Mary Hunt

A compact clothes steamer is handy for removing wrinkles and stale odors from fabric, but is that all?

Just another single-purpose tool that sits on a shelf gathering dust? Don’t be so sure! I’ve been amazed to discover all the ways to use an ordinary clothes steamer to clean, sanitize, renew and refresh all around the house.

Basics. Before we get started, let’s go over a few steam clean basics.

Always use distilled water in a steamer. Tap water can leave behind traces of minerals, which can cause the steamer to clog up.

Never use steam on silk or other delicate fabrics. Always test first in an inconspicuous place for color-bleeding or spotting.

Do not use steam on freshly painted surfaces, vintage surfaces, waxed or polished wood or musical instruments.

Loosen carpet stains. A blast of steam can loosen a tough carpet stain that’s been difficult to remove. Hold the steamer a few inches away from the spot for at least 30 seconds and then blot it with a clean, white cloth. Repeat until nothing more is transferred to the cloth. If you still see evidence of the spot, it should respond more effectively to a good stain remover like Spot Shot. Just make sure you follow the instructions on the label, which may require rinsing once the stain is gone.

Remove labels and stickers. A blast or two from your trusty clothes steamer can soften and melt the adhesive on a stubborn label or sticker so you can easily remove it. Be cautious if you’re dealing with an unpainted surface.

Defrost a freezer. If your freezer is not self-defrosting, you need to defrost it manually from time to time to keep it working well. And that can be challenging if you have frozen items you’d rather not thaw in the process. Use your clothes steamer to quickly melt the frost and ice.

Free ice maker. Now and then, my ice maker gets jammed with too much ice. A few blasts of steam get things moving again.

Sanitize solid surfaces. As long as your steam reaches 212 F, you can use it to sanitize and sterilize surfaces like appliance handles, countertops, sinks, faucets and toilets. Steam can easily loosen the mineral buildup in cracks and crevices so it can be easily wiped away without any harsh chemicals.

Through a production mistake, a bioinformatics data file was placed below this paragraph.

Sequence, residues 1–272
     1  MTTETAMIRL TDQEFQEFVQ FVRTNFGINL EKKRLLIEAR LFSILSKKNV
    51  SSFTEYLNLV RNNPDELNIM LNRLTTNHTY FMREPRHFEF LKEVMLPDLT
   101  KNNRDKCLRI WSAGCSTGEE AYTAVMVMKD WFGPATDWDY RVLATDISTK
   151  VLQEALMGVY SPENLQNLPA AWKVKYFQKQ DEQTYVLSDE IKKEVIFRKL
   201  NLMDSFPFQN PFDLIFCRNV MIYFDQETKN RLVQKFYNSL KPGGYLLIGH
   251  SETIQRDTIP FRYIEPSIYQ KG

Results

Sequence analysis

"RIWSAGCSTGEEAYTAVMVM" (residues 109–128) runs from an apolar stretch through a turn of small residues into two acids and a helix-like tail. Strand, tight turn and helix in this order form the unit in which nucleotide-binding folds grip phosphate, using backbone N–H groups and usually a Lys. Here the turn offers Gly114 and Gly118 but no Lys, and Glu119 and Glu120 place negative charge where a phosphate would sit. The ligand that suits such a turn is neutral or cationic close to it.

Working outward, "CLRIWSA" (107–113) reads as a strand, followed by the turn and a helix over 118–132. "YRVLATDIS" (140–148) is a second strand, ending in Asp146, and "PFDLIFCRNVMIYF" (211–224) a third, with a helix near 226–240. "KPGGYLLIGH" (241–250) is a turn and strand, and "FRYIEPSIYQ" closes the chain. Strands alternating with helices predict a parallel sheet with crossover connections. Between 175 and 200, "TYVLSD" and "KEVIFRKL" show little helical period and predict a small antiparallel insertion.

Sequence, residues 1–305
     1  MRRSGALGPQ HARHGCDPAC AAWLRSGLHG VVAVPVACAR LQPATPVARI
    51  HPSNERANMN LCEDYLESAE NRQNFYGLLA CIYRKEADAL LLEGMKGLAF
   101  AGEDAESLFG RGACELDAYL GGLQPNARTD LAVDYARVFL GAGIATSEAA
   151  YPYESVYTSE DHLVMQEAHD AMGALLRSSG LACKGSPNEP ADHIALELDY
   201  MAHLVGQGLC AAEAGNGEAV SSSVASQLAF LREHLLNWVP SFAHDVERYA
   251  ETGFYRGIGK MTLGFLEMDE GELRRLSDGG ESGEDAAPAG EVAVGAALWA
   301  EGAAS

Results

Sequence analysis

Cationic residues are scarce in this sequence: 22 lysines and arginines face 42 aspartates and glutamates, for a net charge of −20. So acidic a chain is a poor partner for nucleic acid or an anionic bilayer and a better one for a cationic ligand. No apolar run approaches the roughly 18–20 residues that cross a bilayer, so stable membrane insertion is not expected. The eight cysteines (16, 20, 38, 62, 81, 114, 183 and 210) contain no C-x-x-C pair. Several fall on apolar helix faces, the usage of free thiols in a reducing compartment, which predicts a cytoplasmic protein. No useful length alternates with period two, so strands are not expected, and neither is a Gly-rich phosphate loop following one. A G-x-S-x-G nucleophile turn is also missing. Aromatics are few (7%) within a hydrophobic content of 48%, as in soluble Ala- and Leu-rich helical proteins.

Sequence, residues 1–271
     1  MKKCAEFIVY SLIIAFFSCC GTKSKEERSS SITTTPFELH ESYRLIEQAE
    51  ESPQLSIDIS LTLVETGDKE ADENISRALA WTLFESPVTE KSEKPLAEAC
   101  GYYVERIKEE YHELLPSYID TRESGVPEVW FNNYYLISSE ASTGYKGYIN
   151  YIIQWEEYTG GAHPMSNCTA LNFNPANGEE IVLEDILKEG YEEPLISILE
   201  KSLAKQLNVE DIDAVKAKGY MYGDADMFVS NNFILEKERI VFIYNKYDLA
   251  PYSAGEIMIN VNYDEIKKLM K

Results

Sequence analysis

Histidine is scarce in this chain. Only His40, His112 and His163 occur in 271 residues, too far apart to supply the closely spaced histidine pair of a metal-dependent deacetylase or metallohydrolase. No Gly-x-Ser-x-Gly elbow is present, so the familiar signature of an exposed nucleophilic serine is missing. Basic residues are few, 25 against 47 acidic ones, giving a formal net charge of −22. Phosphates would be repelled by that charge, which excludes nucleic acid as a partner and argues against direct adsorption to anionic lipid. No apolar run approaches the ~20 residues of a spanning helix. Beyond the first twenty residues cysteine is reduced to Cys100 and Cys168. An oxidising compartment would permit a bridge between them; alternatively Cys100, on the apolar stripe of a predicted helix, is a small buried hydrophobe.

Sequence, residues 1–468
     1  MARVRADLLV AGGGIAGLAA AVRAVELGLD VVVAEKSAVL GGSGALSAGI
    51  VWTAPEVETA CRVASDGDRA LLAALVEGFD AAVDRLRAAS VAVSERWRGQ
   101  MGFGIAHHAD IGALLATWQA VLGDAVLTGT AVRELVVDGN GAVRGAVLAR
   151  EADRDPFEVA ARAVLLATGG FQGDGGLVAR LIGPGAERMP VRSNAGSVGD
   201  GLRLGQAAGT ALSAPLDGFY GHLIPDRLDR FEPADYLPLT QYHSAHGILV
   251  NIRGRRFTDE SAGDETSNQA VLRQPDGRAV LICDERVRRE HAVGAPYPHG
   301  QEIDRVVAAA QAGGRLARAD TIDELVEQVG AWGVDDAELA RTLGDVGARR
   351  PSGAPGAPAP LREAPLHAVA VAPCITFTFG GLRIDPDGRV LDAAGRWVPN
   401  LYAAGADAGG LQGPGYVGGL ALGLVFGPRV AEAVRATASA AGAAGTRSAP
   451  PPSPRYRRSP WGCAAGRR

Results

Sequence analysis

Remove grease and baked-on gunk. While steam can make light work of removing grease and baked-on food from a stovetop, pan or oven, it is especially effective on a glass cooktop that could be damaged by harsh scraping or abrasive cleansers. Work in small areas, blasting it first with the steam and then quickly wiping away the residue.

Clean grout. Steam blasts away mildew and dirt that can be stubbornly lodged in the grout lines between tile on floors, tub walls and shower enclosures. Steam and then wipe. Repeat as necessary, working in small areas.

Clean glass and mirrors. Hit that smudge or streak with steam and then wipe it clean with a microfiber cloth to avoid making a new streak or leaving behind lint. Steam is so effective on glass that you probably won’t need to use any other products at all. Moisture, heat and microfiber are the perfect combination.

Detail a car. Steam is great for removing dirt and grime from wheels, trim, cracks and crevices on the outside of a car. And it works wonders inside the car as well. Steam clean the seats and floor mats, too. Sticky handles, armrests and steering wheel? Hit them with steam! While you’re at it, clean the car windows and mirrors, too. Always test first in an inconspicuous place.

Best inexpensive (IMO): Polardo Handheld Clothes Steamer. My favorite steam cleaner is the Polardo. It holds enough water for up to 10 minutes of continuous steam but is still small enough to tuck into a suitcase. Steam, remove wrinkles, sanitize, sterilize, soften, defrost and clean any type of fabric.

I love this little steamer because it heats up really fast and doesn’t leak, spit or sputter. It produces massive steam. It has an extra-long cord, which makes it handy to use all around the house.

Mary Hunt, founder of, writes this column for Creators Syndicate. Send tips or address questions to: Everyday Cheapskate, 12340 Seal Beach Blvd., Suite B-416, Seal Beach, CA 90740, or email her at

Load comments